Bob Hubbell, community leader, dead at 79

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By Bill Birns
The light dimmed in our community last week. Bob Hubbell died.
For nine decades, Bob Hubbell had been a leader in the community: the baby saved by the doctor’s wife; the fire-keeper at school; the student-leader and Eagle Scout; the pillar of the community who helped lead the hospital, fire departments, Rotary, ambulance squad, and countless community organizations and events.

Robert Burr Hubbell, of the Kelly Corners homestead that bears his family name, died Thursday, Aug. 29, 2013 at Albany Medical Center.

Bob was born on December 20, 1933, in Margaretville, the son of Ralph Taylor Hubbell and Inez Lillian Archibald Hubbell.

A premature baby of less than 30 weeks, Bob’s prospects didn’t look good to the delivering physician, Dr. Gordon B. Mauer, who did not think Bob would survive. The doctor’s wife, Polly, thought differently. Polly Maurer swaddled the tiny newborn, and placed him in a shoebox, which she warmed in her wood-stove oven, feeding him with an eyedropper. With her tender care, he miraculously survived.

And Bob was a survivor, in the truest sense of the word. He lost his mother when he was only seven, learned responsibility the hard way. By the time he was in fifth grade, he had full responsibility for keeping the fire burning at the Kelly Corners School.

As a boy, Bob achieved the rank of Eagle Scout and, in so doing, developed a lifelong love of scouting. At age 16, he, the late Glenn Gavette, and several other scouts drove cross-country to a scout jamboree in New Mexico. He continued to serve the Boy Scouts, locally and in the Otschodela Council. He helped clear Crumhorn Mountain Boy Scout Camp, now part of Henderson Scout Reservation

A man of faith
Bob was a man of deep faith, who did not wear that faith on his sleeve, but allowed it to guide his positive connections with the many individuals with whom he worked, volunteered and lived. Father Ray Donahue was his great friend and spiritual advisor. They shared a passion for the outdoors, and for a faith based on works. Bob, like “Father D” was always available to lend a hand to any of his many friends.

Bob was a graduate of Margaretville Central School, where he was honored with the coveted Balfour Medal, given annually to a student of high character, community spirit and achievement in high school.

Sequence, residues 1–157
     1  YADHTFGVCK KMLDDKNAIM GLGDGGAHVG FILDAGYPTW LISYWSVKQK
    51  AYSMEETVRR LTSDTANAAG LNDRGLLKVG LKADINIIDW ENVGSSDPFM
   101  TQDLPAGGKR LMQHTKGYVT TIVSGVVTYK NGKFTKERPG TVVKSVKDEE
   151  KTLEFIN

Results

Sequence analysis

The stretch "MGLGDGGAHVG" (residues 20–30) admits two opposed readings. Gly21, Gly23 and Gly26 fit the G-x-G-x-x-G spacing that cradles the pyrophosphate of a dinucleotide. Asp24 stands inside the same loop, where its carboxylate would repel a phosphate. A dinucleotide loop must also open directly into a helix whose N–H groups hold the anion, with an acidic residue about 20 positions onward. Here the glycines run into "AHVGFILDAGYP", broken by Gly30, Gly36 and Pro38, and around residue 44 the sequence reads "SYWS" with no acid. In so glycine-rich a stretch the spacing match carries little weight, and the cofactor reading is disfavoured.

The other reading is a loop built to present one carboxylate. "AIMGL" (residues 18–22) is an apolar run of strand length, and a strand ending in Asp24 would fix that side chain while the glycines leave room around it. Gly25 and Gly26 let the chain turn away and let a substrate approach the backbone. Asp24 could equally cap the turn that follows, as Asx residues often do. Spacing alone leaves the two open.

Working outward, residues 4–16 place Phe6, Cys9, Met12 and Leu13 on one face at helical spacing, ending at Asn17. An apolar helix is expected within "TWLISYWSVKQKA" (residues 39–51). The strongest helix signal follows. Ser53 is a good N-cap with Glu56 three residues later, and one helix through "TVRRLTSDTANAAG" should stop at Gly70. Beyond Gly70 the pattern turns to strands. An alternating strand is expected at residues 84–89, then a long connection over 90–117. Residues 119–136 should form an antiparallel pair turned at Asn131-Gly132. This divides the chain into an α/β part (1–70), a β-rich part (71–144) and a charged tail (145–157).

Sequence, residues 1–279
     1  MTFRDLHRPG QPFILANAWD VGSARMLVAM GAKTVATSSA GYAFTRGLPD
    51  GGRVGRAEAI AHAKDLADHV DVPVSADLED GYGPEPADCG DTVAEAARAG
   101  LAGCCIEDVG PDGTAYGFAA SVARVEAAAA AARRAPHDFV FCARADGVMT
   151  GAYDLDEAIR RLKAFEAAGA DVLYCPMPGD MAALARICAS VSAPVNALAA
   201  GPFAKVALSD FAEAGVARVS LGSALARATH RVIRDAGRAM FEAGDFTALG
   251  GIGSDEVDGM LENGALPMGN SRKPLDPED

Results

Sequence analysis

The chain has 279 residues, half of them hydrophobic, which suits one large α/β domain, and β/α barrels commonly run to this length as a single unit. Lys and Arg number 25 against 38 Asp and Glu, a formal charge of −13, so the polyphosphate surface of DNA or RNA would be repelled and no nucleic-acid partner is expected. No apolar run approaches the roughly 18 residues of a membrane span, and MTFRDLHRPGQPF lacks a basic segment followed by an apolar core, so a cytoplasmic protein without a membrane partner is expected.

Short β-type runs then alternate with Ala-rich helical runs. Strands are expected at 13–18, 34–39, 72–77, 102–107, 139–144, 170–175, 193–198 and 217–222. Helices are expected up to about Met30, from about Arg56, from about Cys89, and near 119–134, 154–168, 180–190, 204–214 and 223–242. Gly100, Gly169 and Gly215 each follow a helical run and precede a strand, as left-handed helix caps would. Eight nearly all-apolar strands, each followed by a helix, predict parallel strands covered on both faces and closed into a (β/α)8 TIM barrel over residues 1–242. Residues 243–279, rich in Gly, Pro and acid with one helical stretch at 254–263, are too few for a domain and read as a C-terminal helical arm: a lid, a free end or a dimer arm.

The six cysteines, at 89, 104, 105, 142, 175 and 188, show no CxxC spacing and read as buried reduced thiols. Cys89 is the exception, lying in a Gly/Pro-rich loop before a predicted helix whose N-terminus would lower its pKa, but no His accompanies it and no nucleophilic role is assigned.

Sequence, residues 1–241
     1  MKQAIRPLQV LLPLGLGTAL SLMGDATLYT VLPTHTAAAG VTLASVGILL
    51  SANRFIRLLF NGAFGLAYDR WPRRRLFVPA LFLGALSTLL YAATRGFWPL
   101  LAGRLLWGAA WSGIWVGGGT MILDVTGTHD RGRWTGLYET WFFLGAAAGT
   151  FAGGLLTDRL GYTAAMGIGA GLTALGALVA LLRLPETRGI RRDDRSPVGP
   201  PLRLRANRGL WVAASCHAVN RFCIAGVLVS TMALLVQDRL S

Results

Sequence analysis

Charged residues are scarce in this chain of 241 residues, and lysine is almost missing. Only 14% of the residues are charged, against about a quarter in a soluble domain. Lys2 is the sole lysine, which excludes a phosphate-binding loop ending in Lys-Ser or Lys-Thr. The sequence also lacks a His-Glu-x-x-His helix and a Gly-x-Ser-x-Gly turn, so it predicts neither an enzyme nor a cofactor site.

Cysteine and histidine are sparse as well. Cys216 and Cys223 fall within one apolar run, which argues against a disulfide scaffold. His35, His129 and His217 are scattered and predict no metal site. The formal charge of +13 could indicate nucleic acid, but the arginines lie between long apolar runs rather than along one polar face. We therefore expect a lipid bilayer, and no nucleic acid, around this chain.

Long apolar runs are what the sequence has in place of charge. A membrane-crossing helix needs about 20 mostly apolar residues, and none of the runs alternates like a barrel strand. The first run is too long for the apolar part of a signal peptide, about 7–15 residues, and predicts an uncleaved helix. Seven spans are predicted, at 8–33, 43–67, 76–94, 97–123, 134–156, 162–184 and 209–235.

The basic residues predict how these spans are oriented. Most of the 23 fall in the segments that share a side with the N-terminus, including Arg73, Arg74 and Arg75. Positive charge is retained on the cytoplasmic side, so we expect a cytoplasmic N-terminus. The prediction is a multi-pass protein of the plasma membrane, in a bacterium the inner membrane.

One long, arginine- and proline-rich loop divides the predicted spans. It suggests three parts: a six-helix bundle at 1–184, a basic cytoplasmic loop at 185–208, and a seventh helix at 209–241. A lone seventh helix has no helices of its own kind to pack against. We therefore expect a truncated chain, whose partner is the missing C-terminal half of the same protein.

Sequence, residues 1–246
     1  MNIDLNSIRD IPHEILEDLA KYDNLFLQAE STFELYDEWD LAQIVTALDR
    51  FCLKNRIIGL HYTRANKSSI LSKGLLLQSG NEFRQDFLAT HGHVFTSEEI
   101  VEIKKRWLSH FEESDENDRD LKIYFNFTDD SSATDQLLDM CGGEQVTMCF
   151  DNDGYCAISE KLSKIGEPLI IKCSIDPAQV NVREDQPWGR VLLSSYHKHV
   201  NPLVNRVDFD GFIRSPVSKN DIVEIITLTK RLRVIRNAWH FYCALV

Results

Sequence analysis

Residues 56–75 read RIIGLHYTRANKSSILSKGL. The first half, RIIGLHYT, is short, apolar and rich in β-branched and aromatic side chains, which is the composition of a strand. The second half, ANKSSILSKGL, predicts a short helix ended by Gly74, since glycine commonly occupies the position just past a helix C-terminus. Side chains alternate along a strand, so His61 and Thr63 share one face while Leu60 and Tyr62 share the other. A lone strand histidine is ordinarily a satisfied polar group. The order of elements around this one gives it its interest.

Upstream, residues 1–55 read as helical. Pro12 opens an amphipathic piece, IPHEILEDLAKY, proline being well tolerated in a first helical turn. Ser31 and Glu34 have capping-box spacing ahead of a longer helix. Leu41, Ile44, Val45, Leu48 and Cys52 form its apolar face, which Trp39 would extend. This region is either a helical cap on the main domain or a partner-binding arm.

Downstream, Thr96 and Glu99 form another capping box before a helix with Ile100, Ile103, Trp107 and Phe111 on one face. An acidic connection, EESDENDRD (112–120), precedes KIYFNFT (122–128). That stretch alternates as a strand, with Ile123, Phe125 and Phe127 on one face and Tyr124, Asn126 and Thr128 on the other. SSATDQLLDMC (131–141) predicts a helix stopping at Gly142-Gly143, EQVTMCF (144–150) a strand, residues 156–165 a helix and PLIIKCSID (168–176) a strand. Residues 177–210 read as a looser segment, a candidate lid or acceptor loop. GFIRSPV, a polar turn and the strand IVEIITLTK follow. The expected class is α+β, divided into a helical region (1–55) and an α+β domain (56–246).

Bob served in the U.S. Army, training at Fort Drum, before being shipped to West Germany as a telegrapher. While in the service, he married Carolyn Rudd, of Ilion, on July 21, 1956 in Garmisch-Partenkirchen, Germany. Carolyn had come to Margaretville as a young teacher. Her mentor, the late Marian Connell, had been Bob’s teacher, and Marian thought the two would make a match.
Carolyn and Bob first set eyes upon each other in the cider-pressing room of Hubbell Brothers. She and Bob cuddled in his hospital bed the other night, last week, when he died.

When Bob returned home from the Army, he continued his education, graduating, in 1959, from the New York State Ranger School in Wanakena. Now a family man with a young child and others soon to arrive, Bob returned to work the family dairy farm, in Kelly Corners, and its associated business, Hubbell Bros. This business continues to this day as Hubbell, Inc., under his son, Rudd.

Margaretville-area outdoorsman, Lee Keator, was a mentor and friend who helped shape Bob’s lifelong love of the outdoors and his passion for environmental conservation. It was the environment, nature, and the outdoors that were Bob’s true home and true calling, and he credited
Lee with planting that seed. It was on a solitary walk outdoors that Bob fell ill two weeks ago.
He was an active dairy farmer until 1966, when his father became ill. At that time, the dairy was terminated. Bob began to actively manage Hubbell Bros., the wide-ranging business founded in the late 1800s by his grandfather, Will Hubbell and his great-uncle, the inventor, Burr Hubbell. Bob continued, on the farm, the traditional calendar of seasonal chores that he so loved. Each spring, he collected, boiled and bottled maple syrup, and each fall he squeezed apples for cider in the ancient cider press at the Hubbell Brothers’ mill. Winters were spent cutting firewood for next year, and hunting meat for the freezer.